Crawling and flying insects are a reliable source of protein and even a delicacy among many different cultures of the world. Although there is scant archeological evidence of this part of the native diet in south Texas, there are several accounts by explorers commenting on the consumption of grubs and bugs. The Spanish explorer Cabeza de Vaca, who lived among several native groups in south Texas in the early 1500s, wrote in his account (La Relación) that although they killed deer and fish, “their hunger is so great that they eat spiders and ant eggs and worms…and the dung of deer, and I believe truthfully that if in that land there were rocks, they would eat them.”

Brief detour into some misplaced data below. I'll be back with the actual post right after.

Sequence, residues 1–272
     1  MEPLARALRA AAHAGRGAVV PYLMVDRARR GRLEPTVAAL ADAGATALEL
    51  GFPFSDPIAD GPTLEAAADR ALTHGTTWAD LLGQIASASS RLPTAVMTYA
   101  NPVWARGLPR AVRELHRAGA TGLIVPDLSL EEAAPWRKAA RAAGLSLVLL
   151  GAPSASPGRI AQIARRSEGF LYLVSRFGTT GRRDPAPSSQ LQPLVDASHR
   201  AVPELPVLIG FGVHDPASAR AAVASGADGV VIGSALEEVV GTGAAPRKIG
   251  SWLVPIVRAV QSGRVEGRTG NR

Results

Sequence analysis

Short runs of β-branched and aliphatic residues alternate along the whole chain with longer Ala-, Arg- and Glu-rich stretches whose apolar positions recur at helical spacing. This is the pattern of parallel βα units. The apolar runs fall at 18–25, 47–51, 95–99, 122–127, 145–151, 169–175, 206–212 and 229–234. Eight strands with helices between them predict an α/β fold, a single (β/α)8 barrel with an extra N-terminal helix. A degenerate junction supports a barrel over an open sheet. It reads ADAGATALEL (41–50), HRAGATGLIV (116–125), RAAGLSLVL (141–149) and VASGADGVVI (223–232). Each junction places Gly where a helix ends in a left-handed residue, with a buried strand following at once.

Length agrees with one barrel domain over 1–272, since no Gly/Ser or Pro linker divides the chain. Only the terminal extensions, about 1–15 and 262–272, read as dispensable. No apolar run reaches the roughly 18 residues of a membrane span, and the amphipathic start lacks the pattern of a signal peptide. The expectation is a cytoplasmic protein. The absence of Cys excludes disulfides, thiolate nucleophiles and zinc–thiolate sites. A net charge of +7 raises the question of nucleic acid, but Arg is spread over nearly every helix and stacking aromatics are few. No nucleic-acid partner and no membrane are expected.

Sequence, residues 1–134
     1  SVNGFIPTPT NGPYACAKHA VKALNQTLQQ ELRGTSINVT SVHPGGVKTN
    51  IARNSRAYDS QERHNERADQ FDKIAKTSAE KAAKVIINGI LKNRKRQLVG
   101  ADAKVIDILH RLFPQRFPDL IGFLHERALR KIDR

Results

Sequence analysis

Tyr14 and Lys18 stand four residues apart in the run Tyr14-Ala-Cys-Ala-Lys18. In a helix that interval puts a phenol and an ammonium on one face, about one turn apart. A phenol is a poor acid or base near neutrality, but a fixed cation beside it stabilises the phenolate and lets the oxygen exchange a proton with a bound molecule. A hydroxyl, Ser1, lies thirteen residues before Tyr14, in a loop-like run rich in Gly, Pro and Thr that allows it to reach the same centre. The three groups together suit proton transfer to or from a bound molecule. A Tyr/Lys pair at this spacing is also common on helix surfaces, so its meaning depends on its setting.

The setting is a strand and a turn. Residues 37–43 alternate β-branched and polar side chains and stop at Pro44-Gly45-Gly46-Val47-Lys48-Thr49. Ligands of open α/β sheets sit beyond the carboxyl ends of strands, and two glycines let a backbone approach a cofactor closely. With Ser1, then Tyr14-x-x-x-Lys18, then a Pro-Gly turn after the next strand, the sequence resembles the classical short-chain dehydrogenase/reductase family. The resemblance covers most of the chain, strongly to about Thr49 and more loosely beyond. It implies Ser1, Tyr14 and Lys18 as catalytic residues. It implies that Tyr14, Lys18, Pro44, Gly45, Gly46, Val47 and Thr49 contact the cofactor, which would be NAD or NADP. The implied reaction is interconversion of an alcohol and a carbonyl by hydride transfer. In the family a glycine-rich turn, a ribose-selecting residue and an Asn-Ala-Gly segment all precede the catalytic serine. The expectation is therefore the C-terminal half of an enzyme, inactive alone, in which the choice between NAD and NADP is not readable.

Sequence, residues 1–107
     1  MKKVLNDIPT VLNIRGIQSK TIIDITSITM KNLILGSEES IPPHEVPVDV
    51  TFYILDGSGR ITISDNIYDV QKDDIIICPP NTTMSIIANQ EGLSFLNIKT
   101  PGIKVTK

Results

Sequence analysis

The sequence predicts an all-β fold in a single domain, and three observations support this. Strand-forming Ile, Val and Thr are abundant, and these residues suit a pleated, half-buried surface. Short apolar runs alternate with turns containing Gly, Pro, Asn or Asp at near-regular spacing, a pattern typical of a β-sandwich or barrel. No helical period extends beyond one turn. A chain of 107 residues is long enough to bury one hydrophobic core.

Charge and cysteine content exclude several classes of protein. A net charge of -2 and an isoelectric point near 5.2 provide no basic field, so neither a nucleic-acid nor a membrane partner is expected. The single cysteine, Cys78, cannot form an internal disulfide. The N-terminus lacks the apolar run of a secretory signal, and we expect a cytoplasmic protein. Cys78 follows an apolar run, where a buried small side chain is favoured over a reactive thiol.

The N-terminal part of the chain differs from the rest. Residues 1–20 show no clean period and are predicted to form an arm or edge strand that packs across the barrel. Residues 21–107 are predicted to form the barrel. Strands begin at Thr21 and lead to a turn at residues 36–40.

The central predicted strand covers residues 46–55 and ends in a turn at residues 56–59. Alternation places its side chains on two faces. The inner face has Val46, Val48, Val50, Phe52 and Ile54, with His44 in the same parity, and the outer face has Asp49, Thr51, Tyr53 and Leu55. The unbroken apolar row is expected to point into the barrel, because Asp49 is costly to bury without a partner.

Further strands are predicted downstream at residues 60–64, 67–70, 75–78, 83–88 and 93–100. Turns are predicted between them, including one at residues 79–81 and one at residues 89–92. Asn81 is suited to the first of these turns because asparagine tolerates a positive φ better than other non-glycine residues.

By some accounts, coastal groups placed meat and fish out in the open to attract flies and larvae, which were eaten along with the flesh. Other insects, such as grasshoppers and crickets likely were eaten, based on evidence from ancient coprolites (preserved human feces) from dry caves in the adjacent Lower Pecos canyons.

photo of ants
A colony of ants tends to a nest filled with eggs and larvae. Ants and many other insects were on the menu for native peoples who often had to pluck dinner from the air or from within a hole in the ground. Photo by John Abbott.
photo of a beehive
A beehive in an anaqua tree in Jim Wells county. Honey produced by the industrious bees may have introduced a welcome sweetness to the regular diet.